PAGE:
Fluid and DNA Sampler

Understanding the linkages among microbes that thrive beneath the seafloor and in vent fluids associated with active submarine volcanoes is one of the most profound areas of marine research. New discoveries in this area require in situ measurements of fluid chemistry and temperature, and the ability to take co-registered filtered samples of microbial DNA for eventual shore-based analyses that allow identification of the organisms and information about their novel metabolisms.

The RAS (Remote Access Sampler) allows time-series temperature measurement in real-time and in situ sampling of hydrothermal vent fluids, while the PPS (Particulate DNA Sampler) allows collection, filtering, and preservation of microbial DNA. Originally the instrument took the form of a coupled mooring system, developed by D. Butterfield at NOAA-PMEL, which was installed from 2014-2017 in the International District Hydrothermal Vent Field at the El Gordo diffuse flow site in the International District Hydrothermal Field in Axial Caldera.

In 2019, a digital-still camera (front-center) and a fluid- and microbial-DNA sampler RASFLA/PPSDNA, inside a seafloor-frame (back-center), were installed in the International District Hydrothermal Field. A titanium vent cap or “hat” (center-middle) rests on top of a hydrothermal-vent structure covered with microbes. Inside the “hat” are temperature probes and intake nozzles for the fluid and DNA sampler.
Photo Credit: UW; NSF-OOI; CSSF; DiveJ2-1190; V19

In 2017, the RAS and microbial sampler were placed in a junction box frame, along with the mass spectrometer, and installed at the Tiny Village site. The intake line to the instruments is placed inside a “vent cap” along with an intake for the mass spectrometer to obtain co-registered temperature, volatile vent fluid chemistry, and microbial DNA analyses at this site. Controlled from shore, or by a mission plan, a pump sucks in hydrothermal fluid into sterile bags (and also onto filters for collection of DNA in a similar system above the RAS). A nearby digital still camera provides an overview of the vent and documentation of changes in vent deposit evolution and macrofaunal communities over time. Because the instrument is cabled, which allows two-way communication and power, the sample bottles can be triggered from shore in response to volcanic or tectonic events, or set to trigger at specified intervals.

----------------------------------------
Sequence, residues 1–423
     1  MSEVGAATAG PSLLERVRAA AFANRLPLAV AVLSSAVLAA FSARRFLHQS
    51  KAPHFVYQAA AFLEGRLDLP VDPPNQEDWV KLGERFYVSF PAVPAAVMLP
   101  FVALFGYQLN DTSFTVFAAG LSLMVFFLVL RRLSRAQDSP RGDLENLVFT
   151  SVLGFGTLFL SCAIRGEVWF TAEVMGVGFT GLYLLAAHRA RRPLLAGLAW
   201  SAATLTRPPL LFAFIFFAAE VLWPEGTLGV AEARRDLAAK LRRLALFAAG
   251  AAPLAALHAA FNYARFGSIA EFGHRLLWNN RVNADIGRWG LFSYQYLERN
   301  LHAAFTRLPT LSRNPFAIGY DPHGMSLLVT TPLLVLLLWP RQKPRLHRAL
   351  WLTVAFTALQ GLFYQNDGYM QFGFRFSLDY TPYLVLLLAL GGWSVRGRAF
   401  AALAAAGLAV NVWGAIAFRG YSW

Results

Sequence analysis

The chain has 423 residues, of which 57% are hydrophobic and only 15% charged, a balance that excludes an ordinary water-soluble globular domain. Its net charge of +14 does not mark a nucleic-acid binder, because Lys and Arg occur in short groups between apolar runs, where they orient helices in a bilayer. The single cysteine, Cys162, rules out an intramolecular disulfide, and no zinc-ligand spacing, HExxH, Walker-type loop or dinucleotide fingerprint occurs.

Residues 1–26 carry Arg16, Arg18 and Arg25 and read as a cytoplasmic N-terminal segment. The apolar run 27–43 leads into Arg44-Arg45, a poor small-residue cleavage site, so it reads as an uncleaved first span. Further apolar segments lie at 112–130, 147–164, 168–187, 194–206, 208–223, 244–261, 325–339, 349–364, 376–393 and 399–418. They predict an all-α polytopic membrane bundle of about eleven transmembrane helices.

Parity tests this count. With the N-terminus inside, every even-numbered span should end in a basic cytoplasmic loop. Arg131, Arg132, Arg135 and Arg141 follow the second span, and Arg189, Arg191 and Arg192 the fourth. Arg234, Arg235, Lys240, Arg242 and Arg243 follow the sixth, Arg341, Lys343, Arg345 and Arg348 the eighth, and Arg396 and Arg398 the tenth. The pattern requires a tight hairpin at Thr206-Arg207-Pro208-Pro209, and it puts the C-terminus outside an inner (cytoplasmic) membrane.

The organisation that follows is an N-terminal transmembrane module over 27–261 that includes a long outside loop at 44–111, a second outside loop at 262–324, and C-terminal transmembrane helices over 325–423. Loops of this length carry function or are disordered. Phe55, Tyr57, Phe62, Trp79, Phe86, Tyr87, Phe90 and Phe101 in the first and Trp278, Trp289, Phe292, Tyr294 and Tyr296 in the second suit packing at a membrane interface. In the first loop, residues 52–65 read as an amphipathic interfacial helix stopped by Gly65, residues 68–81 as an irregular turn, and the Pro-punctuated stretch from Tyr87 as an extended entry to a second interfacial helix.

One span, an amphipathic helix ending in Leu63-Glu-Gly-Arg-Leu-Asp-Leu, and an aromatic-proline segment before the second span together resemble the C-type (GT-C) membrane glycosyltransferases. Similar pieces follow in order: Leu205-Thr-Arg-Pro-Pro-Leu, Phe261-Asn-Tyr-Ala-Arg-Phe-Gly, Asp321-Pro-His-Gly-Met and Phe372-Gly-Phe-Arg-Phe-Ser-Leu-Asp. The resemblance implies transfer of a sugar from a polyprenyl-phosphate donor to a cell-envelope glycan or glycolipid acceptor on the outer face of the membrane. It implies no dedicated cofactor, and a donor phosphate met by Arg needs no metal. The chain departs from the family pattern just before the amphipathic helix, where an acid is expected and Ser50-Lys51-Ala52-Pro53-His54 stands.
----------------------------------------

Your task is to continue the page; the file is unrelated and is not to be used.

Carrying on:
During annual Cabled Array maintenance cruises, this instrument is recovered and collected material analyzed to provide chemical characterization of the hydrothermal fluid samples. The OOI Core Instrument Analytical Results data repository contains processed analytical data and metadata for a subset of Cabled Array instruments that collect fluid or particulate samples that are brought back to shore and analyzed in a laboratory. Numerical and other processed analytical results are generally provided in spreadsheet form. Associated metadata files including analytical protocols, sampling and recovery notes, and sample log files are presented in .pdf format. As-deployed images of instruments are provided in .jpg format, with image metadata summarized in spreadsheet-based catalogs.

The RASFL analytical results can be found here: International District Vent Field RASFL Data

Pre-deployment deck photo of fluid- and microbial-DNA samplers RASFLA/PPSDNA, inside a seafloor-frame, focused on the fluid sampler portion of the instrument. Photo Credit: M. Elend; University of Washington; V19

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